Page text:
There is something magical about seeing the world through the eyes of your child. Who knew that traveling with a toddler could be such fun!? She was the life of the party, as she bowed with folded hands and said “Namaste” to greet everyone we met. I think her teachers and classmates will think she’s making stories up when she starts school: “I went to Africa when I was 1 and India when I was 2.” …Wait, WHAT?

Now I am back home, but India still fills my daydreams and nightly dreams alike. I’m completely torn between my love for Africa and my love for India for completely different reasons. There is no way I could choose one over the other, and from a self-proclaimed safari junkie with almost two dozen trips to Africa under my belt, that is saying a lot!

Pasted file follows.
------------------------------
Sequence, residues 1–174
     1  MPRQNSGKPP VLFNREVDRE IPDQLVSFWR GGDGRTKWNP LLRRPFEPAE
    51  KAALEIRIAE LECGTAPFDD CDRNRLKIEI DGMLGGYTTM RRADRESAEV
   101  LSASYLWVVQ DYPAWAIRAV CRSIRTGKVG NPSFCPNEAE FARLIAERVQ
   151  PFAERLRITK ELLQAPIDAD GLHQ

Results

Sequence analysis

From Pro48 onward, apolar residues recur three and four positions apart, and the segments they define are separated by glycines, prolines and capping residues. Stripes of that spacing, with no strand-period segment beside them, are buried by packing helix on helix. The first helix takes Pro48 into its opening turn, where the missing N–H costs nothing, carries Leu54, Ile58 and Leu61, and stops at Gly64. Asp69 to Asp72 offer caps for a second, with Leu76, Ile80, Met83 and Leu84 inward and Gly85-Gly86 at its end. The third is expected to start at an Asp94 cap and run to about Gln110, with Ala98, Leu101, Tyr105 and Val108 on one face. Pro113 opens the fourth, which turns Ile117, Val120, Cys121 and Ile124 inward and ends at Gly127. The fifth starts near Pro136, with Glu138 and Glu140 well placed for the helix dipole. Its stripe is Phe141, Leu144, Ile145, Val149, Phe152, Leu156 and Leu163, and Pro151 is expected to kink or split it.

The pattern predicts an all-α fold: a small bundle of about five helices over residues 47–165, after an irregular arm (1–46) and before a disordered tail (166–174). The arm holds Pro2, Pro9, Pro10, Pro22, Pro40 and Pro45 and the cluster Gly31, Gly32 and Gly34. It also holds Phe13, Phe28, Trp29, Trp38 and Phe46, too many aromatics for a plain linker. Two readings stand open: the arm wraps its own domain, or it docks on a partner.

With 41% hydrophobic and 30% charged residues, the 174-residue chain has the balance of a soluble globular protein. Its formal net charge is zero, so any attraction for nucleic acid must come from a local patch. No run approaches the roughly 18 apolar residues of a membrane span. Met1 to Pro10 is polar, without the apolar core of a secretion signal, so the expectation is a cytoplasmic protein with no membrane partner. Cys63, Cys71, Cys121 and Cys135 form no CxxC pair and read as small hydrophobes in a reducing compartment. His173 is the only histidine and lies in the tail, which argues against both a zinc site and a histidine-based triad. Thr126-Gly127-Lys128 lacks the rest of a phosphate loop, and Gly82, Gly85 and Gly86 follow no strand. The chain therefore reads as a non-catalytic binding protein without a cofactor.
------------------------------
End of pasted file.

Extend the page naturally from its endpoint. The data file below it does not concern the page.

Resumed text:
I feel blessed, lucky and privileged to have had the opportunity to explore so much more of this amazing country on this return trip! Enjoy the photos, enjoy the ride. And if incredible India is on your bucket list, I’d love to help dream up your trip to this magical, mystical place.

Girl

Mehrangarh Fort

Monkey

Jackal

Grandfather